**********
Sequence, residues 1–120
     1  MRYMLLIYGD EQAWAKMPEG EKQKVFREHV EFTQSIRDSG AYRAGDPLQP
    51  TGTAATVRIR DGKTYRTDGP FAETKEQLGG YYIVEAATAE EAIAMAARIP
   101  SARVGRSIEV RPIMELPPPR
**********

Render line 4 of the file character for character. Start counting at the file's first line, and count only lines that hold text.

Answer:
   101  SARVGRSIEV RPIMELPPPR